Waterfront undergoes changes with the winds

Riverfront Retrospective

This is part two of the Hood River News’ look back at the history of the Hood River waterfront. This article was compiled by staff writer Esther Smith, updating a 1998 report by Paige Rouse.


The Port of Hood River created the waterfront in the 1960s and 1970s with the idea of developing it to bring jobs and economic diversity to the area. Things went according to plan — the industrial park was filling up and work progressed in Marina Park — until the late 1970s when the port was denied the right to complete the fill project’s final phase. Then in the 1980s the wind blew in a whole new industry for Hood River.

But in the early 1970s things were moving right along, especially in the Marina Park area.

This was the area the port envisioned as the recreational center, with a planned swim beach, park and improved marina. Improvements began with the marina’s first permanent moorage floats, installed in 1972. The next year the port office building was erected and later became the home of the Department of Motor Vehicles and Oregon State Police. Land was also donated by the port to become the Hood River County Museum. A visitor dock was installed in the marina and eventually a swim beach, complete with restrooms, was added.

In the late 1970s the port ran into problems in its efforts to finish the fill it started in 10 acres of the West Cove area of Waterfront Industrial Park, in the area now known as the Hook. The original plan included development of this area into a transportation center with access from the western side of the city. Hopes were to bring barge, rail and highway facilities to one central point, resulting in substantial economic benefits, both in freight cost savings and energy in the movement of bulk cargoes. However, litigation over the fill effort ended when the Oregon Supreme Court denied the Port’s request to fill the submerged portion. The court found that fish rested in the area on their way downstream, and that Columbia River fishery could be diminished by filling this submerged area within the cove.

By 1982 windsurfers had discovered Hood River and the waterfront quickly became a hot spot for enthusiasts of the sport. Every summer the number of sails out on the river seemed to double. Marina Park became known as the Columbia Gorge Sailpark, where major boardsailing events were scheduled. A number of windsurfing concessions were soon added to encourage industry growth of the sport.

Recognizing the need for a long range plan, the port signed a contract in 1982 with Portland planners Benkendorf & Associates, who had worked with the Port of Portland to plan portions of Portland’s downtown waterfront. These planners stressed the importance of getting community input regarding waterfront development which would be incorporated into the comprehensive plan. By the end of the year they had come up with Waterfront Plan Phase I.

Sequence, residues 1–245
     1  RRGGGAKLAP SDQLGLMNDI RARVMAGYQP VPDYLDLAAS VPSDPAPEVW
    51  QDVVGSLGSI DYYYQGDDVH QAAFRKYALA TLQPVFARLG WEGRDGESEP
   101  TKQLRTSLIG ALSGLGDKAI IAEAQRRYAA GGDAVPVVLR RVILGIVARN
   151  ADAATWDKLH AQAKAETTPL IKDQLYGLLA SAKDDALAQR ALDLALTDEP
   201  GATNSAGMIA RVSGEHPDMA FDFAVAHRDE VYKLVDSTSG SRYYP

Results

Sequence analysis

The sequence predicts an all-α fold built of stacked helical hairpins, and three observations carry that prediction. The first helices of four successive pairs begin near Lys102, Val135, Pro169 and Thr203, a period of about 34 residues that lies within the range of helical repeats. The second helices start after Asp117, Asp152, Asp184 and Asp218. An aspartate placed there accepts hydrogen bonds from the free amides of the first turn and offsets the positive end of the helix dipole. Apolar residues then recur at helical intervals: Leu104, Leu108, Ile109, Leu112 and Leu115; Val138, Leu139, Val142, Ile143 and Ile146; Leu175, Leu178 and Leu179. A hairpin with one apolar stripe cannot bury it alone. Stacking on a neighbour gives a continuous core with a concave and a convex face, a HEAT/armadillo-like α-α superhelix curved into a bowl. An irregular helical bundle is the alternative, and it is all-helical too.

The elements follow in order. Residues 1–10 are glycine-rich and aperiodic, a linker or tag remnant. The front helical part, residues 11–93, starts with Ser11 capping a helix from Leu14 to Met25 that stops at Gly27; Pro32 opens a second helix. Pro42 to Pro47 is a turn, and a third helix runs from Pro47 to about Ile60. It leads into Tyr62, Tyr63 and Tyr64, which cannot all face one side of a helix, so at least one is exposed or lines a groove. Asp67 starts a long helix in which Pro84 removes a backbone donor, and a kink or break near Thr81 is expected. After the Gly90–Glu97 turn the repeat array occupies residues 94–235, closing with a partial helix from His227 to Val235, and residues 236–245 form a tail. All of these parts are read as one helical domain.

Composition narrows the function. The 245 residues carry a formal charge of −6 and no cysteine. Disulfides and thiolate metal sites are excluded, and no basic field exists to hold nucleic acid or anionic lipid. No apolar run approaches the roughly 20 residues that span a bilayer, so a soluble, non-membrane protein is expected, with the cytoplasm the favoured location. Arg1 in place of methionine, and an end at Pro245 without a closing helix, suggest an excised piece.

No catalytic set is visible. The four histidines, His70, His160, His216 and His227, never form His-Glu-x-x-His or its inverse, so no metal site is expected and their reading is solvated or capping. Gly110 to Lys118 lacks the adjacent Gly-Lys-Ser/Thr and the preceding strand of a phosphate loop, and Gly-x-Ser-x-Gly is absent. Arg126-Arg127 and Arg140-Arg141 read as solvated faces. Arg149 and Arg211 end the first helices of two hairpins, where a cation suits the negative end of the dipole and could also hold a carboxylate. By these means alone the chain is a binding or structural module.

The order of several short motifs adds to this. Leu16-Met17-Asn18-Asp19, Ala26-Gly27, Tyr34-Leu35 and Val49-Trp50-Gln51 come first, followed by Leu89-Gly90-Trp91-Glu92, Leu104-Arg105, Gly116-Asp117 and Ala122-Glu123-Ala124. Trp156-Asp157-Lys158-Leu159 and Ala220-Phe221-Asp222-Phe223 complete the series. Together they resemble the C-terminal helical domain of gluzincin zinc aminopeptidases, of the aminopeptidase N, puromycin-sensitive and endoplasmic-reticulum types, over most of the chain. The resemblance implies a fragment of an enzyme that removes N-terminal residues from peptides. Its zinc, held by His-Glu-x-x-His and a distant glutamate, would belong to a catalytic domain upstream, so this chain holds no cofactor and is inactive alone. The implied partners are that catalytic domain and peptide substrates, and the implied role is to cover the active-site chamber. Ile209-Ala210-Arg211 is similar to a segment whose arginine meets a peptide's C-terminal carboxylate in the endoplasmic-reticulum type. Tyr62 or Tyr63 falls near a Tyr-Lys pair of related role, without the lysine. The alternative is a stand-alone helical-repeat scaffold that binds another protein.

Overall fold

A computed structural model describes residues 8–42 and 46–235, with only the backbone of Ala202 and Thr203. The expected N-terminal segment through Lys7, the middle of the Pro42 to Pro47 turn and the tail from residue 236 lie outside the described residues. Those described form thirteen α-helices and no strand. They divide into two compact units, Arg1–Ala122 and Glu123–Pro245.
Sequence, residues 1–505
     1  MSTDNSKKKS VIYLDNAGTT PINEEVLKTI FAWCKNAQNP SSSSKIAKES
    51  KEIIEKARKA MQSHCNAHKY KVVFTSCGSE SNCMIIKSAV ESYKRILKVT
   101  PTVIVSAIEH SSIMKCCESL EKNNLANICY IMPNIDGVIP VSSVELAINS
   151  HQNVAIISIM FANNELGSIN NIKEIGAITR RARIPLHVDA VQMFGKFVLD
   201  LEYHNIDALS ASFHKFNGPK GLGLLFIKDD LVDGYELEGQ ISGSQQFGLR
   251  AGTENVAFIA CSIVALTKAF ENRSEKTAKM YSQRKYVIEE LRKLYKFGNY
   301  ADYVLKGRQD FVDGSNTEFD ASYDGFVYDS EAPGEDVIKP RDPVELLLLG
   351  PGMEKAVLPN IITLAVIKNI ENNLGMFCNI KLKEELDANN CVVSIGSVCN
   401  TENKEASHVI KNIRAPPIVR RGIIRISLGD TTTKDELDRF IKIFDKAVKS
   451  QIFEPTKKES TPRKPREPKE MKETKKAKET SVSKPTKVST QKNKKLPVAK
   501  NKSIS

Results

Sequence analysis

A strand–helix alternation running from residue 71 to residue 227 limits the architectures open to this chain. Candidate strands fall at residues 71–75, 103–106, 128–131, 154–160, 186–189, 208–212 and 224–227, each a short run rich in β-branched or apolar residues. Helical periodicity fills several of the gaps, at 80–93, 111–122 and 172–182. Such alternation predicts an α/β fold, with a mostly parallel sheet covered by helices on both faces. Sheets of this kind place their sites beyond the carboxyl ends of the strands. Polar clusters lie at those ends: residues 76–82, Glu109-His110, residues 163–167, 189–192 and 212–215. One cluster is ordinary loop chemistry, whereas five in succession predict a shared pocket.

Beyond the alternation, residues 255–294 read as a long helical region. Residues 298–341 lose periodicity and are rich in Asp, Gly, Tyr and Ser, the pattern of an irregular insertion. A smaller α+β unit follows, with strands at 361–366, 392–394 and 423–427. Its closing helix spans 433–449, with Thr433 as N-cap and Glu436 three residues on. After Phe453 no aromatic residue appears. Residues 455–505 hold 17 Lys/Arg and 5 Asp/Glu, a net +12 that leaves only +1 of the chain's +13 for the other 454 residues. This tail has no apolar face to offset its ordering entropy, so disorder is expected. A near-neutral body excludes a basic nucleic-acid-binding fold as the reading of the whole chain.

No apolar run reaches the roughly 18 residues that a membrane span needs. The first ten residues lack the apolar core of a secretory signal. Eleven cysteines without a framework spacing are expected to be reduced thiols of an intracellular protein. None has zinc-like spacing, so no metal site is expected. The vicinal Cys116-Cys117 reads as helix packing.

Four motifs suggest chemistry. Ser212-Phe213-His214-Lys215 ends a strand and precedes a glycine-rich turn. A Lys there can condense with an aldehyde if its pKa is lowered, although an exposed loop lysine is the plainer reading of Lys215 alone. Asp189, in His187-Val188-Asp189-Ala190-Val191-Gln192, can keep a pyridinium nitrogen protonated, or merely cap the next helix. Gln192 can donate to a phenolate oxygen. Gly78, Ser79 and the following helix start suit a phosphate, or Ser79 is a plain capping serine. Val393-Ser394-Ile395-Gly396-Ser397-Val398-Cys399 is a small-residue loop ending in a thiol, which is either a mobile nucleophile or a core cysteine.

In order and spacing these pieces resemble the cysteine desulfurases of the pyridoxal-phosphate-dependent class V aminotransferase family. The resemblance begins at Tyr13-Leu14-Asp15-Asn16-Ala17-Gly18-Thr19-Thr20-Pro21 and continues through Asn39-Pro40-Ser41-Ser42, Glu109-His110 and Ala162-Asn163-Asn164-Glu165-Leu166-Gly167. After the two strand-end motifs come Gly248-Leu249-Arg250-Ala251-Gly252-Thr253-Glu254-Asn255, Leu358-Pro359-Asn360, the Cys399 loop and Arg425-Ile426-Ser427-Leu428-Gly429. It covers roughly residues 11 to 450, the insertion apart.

There were already conflicting views on what should go on the waterfront. The Hood River Valley Residents Committee presented a position paper during that time to the port commission which offered alternatives to the port’s industrial/manufacturing focus and suggested a different outlook for the future economic direction of the county.

The Residents Committee felt that Hood River had something special to offer that could provide a real economic advantage — its spectacular scenic beauty, its recreation potential and its quality of life.

In 1983 the Port of Hood River purchased Wells Island with the intention of expanding recreational facilities in that area, but due to environmental interests the island was sold to the Trust for Public Lands in 1991, and later to the U.S. Forest Service.

In the late 1980s, in order to relieve overcrowding and better accommodate a mix of uses at the marina, the Port of Hood River undertook the construction of the Event Site on the western side of the Hood River. It was intended to be both a recreational and a world-class watersport competition site.

Other improvements made during that time included a pedestrian bridge across the Hood River to link Marina Park with downtown and an expanded commercial boat dock near the event site to enable cruise boats to dock; eventually including the Sternwheeler.

In 1993 the port transformed the former Clark Door building into the Hood River Expo Center in order to help encourage year-round tourism. It underwent major renovation at a cost of $1.3 million, $900,000 of which came from a HUD grant. By 1993 national trade shows were booking at the Expo Center.

By the end of that year the port had entered into the next waterfront era, a decade of discussion and debate about the future of the waterfront. It began with hearings about zone changes and developed into a complex issue that has yet to be resolved.

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